Apr 102013
 

French Press 1

Dry-Hopping is virtually synonymous with certain beer styles, such as American IPAs.  The process is simple in its basic form — add hops, leaf or pellet, to your beer after fermentation is complete.  The idea is to impart your choice of extra hop aroma, flavour and/or bitterness to your beer.  The process works so well because aroma and flavour compounds are saved from being lost in the kettle during boil or scrubbed away by CO2 bubbles escaping from your fermenter.  In addition to these plusses, it enables a brewer to add more bitterness to a batch of beer after the brew is complete.

Often, brewers will add the hops straight into their beer, while others will use a hop sock or stainless steel tea balls.  There is much debate on topics such as which hops work best, and how long the hops should be left in for.  We’ve dry-hopped, and enjoyed the contribution it gave to our IPA, but we also wanted to play with another concept — French Press Hop Tea Infusion.

French Press 2

With French Press Hop Tea Infusion, the idea is as follows.  Follow these three easy steps.

1) To add aroma – Bring a small amount of wort to a boil to sanitize.  Let cool.  Add wort and desired amount of hops to french press.  Let sit for desired amount of time (typically 15-30 minutes).  Press down.  Add to fermenter.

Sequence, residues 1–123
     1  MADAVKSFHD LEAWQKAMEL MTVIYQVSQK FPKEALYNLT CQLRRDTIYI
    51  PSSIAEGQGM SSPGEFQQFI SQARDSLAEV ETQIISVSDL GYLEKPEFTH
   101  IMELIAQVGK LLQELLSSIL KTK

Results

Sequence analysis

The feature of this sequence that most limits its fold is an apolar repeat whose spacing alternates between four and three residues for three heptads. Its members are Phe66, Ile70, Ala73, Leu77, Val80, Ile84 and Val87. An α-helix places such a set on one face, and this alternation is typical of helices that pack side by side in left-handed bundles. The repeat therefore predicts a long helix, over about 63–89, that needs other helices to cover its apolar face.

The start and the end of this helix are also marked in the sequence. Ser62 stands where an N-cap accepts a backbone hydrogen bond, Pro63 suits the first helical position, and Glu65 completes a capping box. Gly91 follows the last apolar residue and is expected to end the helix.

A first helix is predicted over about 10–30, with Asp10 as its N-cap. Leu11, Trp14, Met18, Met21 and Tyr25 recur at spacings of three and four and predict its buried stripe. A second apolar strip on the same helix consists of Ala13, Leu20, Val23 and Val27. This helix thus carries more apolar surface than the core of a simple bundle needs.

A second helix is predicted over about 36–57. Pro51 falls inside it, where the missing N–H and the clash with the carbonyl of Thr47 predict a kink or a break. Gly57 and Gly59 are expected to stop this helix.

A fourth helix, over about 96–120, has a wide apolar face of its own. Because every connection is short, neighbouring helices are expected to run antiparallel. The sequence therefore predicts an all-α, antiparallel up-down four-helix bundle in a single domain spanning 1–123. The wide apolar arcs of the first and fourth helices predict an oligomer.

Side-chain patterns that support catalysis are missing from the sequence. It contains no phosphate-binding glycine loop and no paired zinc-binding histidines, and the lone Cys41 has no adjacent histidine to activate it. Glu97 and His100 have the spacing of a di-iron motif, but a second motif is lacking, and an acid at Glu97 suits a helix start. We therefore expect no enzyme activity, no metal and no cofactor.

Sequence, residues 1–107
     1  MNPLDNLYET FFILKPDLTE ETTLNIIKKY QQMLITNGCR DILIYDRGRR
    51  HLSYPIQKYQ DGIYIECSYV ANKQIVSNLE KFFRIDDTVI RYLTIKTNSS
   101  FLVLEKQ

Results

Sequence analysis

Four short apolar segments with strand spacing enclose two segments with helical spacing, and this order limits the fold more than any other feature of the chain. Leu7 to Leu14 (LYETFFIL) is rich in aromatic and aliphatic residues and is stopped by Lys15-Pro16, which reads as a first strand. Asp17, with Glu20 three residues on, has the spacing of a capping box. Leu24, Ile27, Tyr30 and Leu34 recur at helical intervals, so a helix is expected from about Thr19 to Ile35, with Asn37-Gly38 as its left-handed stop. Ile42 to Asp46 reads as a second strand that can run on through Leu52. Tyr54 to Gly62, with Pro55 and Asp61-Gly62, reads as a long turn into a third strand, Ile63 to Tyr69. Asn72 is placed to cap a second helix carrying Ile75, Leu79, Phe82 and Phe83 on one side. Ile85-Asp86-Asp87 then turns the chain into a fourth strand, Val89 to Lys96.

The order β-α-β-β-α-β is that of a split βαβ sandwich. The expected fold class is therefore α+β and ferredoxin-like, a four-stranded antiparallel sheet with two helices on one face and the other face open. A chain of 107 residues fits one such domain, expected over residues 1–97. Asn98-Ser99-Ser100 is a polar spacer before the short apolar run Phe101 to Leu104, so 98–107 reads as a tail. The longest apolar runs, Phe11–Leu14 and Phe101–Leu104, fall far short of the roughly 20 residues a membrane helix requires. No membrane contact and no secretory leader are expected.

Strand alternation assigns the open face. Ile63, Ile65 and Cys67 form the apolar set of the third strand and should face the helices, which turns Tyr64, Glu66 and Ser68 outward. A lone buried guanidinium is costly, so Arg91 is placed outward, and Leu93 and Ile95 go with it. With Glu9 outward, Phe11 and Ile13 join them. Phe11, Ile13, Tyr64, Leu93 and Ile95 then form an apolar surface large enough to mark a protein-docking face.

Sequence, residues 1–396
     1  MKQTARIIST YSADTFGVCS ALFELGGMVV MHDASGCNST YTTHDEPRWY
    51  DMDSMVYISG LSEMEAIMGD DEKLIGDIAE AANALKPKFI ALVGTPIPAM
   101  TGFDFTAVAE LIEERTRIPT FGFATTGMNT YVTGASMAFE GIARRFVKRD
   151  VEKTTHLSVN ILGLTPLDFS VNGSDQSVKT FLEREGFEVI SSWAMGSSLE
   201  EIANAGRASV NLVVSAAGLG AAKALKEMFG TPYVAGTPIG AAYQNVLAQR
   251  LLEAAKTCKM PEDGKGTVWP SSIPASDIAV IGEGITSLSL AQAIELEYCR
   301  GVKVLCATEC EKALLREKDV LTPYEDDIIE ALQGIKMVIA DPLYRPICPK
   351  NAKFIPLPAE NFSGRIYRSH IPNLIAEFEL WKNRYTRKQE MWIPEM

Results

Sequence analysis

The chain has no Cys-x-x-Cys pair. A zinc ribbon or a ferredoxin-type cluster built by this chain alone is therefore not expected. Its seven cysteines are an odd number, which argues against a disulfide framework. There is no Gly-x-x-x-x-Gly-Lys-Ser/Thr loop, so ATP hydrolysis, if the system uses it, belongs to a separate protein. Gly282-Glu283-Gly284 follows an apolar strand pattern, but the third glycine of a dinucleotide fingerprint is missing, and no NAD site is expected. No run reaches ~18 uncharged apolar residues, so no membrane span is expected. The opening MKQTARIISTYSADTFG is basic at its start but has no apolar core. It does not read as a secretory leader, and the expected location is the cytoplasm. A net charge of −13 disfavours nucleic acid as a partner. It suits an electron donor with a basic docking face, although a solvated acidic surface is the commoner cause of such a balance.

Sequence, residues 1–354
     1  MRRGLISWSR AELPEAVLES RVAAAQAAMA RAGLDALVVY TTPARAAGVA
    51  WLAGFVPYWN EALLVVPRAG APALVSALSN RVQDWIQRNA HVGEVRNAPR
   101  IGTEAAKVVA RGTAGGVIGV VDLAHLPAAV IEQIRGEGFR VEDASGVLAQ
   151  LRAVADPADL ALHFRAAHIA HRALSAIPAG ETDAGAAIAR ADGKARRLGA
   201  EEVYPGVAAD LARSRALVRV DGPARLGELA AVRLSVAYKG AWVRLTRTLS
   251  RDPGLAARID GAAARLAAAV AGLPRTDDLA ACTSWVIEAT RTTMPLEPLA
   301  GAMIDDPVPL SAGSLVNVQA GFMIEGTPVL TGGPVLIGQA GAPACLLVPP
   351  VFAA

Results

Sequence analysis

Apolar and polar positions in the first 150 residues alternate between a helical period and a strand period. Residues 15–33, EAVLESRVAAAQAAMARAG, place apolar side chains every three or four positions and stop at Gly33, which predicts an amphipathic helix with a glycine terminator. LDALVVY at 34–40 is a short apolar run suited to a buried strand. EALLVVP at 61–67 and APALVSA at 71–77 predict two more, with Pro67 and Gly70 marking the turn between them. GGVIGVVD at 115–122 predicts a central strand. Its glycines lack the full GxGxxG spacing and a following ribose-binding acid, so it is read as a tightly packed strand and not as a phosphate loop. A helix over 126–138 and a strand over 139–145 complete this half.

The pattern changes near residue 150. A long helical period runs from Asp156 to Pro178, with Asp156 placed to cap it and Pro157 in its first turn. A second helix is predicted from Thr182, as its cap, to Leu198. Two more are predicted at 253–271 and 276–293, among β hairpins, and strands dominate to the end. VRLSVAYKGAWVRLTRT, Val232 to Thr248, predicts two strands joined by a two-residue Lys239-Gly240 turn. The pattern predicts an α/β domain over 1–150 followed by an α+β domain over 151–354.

2) To add flavour – Bring a small amount of wort to a boil to sanitize.  Let cool to ~170ºF.  Add wort and desired amount of hops to french press.  Let sit for desired amount of time (typically 15-30 minutes).  Press down.   Add to fermenter.

3) To add bitterness – Bring a small amount of wort to a boil, add hops, continue boiling for 45 -60 minutes.  Add boiling wort and desired hops to french press.  Press down.  Add to fermenter.

NOTE: Using a small amount of water in place of wort works as well.  It’s up to you.

Liquid Hop Gold

Liquid Hop Gold

We tried this experiment with an IPA we had brewed to showcase Zythos hops (a proprietary hop blend developed by Hop Union — supposedly containing Simcoe, Citra, Palisade, and Amarillo).  After using our French Press to hop-infuse this IPA, the difference was night and day.  We’ve read, and agree, that you need less hops when using a French Press than you would if you were to dry-hop in the traditional way.

A major benefit to using a French Press to hop-infuse your beer is that you can pretty much add it to the beer instantly, rather than waiting days or weeks to dry-hop traditionally.  With this technique, you can really explore hops…simply take a small amount of different hops, use them separately with the French Press, and add your hop liquor to a sample of beer.  Instant results!

We are, admittedly, new to French Press Hop Tea Infusion, but currently feel that it’s a fantastic way to experiment and improve beers that need that extra aroma/flavour/bitterness kick!

Prost!

SB